SPOKESMAN: I'm still not convinced what he did wrong.
SCOTTY JOHNSON: Yeah, yeah, and that's a fair. That's a fair question. A lot of people have asked, what law was he breaking when the police arrived?
BETTY ANN BOWSER: It has been two weeks, but the phone lines are still lighting up for Scotty Johnson's radio show. The callers want to talk about the death of an African American man in a confrontation with Cincinnati police.
SCOTTY JOHNSON: Let's talk about it. You're tuned into 1230 WDBZ. We are the buzz.
BETTY ANN BOWSER: Johnson isn't just a talk-show host. He's a cop, president of the city's black police union, and a friend of Nathaniel "Skip" Jones, the man who died.
SCOTTY JOHNSON: Skip, as I know him from high school, was always a big fun- loving guy, always one of the guy in the stands during basketball and football games cheering the team on. He would always say, "Scotty, just be careful, man, because you know there's a lot of bad, dangerous situations out there. And the irony of all that is, is the particular way in which Skip died.
SPOKESMAN: Back up.
BETTY ANN BOWSER: Jones died in a violent scuffle with police that was captured on videotape recorded from a police cruiser. The video was shown on news programs all over the country.
The coroner later ruled his death was a homicide, but he said being high on drugs and having coronary artery disease also contributed. Jones was the 17th African American to be killed in a confrontation with Cincinnati police since 1995.
Two and a half years ago, riots erupted after police shot and killed a 19-year-old unarmed black man named Timothy Thomas, while he was running from an officer. The policeman involved was tried on criminal charges and acquitted by a jury. He is no longer on the force.
Recently, the city settled a wrongful death suit with the victim's family for millions of dollars. The police department was investigated by the U.S. Department of Justice, and ultimately, a settlement was reached in which the police agreed to be more vigilant in their training programs.
SPOKESPERSON: Given the timing of delivery...
BETTY ANN BOWSER: A new city manager was also hired. Valerie Lemmie pledged to improve communications between the police department and Cincinnati's African American community.
VALERIE LEMMIE, City Manager: We're learning, we're trying to get better, we've committed to engage the entire city administration. If there's a community problem, no matter what it is, let's sit down, talk collectively about it.
BETTY ANN BOWSER: When Lemmie got the call about the Jones death at 6:00 A.M. on a Sunday morning, she knew she couldn't afford to let rumors fester like they did two years ago. She ordered the tape and information be released immediately before she, Mayor Charlie Luken or the police chief had a chance to review it.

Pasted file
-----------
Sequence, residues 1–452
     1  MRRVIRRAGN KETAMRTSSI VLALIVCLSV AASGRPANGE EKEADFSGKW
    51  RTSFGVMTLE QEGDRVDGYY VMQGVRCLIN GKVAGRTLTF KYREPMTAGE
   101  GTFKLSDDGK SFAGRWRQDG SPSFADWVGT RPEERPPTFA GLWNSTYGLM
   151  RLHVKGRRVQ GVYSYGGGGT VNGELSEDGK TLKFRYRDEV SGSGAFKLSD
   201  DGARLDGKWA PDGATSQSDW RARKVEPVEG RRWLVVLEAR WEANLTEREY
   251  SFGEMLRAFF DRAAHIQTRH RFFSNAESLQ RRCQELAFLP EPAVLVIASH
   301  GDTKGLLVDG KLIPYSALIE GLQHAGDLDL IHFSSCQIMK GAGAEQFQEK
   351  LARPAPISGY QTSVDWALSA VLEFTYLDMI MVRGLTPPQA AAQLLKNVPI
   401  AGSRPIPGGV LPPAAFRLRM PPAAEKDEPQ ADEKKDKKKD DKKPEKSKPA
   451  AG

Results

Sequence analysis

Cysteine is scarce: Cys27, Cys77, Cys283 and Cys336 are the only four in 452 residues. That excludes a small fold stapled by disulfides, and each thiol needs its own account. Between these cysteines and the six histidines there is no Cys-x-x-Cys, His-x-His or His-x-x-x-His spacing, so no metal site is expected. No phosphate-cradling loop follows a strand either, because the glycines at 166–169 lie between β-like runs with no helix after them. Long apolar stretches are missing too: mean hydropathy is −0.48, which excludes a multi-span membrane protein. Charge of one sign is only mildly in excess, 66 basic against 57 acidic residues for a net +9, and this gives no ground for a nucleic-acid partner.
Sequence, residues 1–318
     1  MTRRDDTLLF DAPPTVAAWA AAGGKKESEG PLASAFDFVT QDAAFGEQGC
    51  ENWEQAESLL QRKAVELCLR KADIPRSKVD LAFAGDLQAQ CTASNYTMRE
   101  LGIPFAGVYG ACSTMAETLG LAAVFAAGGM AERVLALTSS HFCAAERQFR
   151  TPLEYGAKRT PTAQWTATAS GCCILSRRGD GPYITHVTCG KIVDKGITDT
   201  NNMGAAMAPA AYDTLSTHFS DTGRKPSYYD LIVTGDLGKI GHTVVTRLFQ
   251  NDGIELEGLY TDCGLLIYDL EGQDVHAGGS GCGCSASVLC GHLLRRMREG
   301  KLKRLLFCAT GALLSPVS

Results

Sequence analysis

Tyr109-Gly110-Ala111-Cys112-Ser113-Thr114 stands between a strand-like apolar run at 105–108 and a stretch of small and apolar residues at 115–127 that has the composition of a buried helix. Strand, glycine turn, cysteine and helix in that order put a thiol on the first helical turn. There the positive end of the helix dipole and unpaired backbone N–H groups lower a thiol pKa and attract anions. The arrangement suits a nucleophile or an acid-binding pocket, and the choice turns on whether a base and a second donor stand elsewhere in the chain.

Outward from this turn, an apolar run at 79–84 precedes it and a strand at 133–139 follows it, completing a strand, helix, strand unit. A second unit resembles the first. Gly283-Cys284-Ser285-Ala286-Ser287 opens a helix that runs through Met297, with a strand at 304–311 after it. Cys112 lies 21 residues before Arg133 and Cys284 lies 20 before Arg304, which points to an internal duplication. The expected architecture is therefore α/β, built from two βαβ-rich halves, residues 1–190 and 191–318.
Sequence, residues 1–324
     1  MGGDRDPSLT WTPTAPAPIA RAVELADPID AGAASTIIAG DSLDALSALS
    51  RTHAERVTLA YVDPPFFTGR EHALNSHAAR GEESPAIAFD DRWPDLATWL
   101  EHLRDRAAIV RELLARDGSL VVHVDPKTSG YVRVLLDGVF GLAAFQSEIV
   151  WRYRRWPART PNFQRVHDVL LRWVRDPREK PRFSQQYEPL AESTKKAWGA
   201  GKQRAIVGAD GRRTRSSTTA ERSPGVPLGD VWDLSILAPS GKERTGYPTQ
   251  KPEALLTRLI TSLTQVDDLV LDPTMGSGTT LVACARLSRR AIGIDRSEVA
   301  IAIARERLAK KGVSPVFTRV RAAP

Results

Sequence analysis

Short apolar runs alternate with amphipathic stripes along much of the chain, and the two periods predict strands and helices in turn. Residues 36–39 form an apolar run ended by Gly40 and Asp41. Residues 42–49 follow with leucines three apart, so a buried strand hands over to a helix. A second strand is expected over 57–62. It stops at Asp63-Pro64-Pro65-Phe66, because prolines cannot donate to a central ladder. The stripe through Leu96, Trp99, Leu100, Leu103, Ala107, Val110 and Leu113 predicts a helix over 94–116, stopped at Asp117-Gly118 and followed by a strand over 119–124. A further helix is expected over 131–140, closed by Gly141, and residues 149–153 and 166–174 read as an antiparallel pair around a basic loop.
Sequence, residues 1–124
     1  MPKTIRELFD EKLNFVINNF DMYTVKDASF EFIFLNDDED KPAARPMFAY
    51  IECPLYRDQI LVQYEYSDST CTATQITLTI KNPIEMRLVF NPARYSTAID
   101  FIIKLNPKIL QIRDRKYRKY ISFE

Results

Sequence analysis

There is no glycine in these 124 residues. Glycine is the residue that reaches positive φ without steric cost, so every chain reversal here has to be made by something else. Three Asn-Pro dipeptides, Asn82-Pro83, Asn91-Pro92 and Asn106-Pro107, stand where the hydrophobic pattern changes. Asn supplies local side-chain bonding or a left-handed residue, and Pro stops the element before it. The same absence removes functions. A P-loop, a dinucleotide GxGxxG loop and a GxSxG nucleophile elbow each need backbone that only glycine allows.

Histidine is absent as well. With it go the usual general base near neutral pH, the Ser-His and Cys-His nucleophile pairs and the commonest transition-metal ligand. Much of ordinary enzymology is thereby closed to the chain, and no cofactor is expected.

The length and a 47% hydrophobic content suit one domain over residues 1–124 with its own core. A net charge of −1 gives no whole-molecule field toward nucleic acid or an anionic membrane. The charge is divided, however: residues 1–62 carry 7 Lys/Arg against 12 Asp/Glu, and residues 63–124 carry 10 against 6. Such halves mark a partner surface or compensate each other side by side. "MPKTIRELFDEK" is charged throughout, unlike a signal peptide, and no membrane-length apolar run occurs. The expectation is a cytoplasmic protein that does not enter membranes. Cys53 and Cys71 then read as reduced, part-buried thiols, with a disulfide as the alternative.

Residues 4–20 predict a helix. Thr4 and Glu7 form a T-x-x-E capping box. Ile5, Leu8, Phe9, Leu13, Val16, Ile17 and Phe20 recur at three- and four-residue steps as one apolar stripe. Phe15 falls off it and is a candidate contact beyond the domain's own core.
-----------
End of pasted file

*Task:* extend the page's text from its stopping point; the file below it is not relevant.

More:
VALERIE LEMMIE: Timing is very important. If there's a lag of days and weeks between when you get back to people from an incident occurring that's just so serious as this one was, they don't trust you. They have concerns about what's going on and why did it take so long? And we knew that was a loser for us in the past. And what was really critical for us was to get the word out.
SPOKESMAN: We're bringing it here to Cincinnati....
BETTY ANN BOWSER: Three days later, Lemmie also spearheaded a town hall meeting with the community, so people could ask questions and make comments to the police chief and other city officials directly.
MAN: When was the last time a white civilian got killed at the hands of a police officer?
MAN: Do you think the police is going to respect another black man in a poor neighborhood?
BETTY ANN BOWSER: Reverend Michael Dantley hosted the community meeting at his church, and praised city officials for coming.
REV. MICHAEL DANTLEY: The community members that were in our congregation that Wednesday night were sincere. Their candor was poignant. I mean, they spoke from their hearts. And what I thought I saw were city officials who were finally listening. I don't think they can afford not to listen.
BETTY ANN BOWSER: The improved communication may partly explain why this time there were no riots in the streets or even massive protests.
SPOKESMAN: No justice...
GROUP: No peace.
SPOKESMAN: No racist...
BETTY ANN BOWSER: Only a small number of people walked from city hall to the police station to demand Chief Tom Streicher's resignation. But that's not to say African Americans aren't angry.
They are especially outraged by the fact that so many white city officials seem to view the videotape differently than blacks do. Mayor Luken admits the video is ugly, but he says much of it shows police doing their job correctly.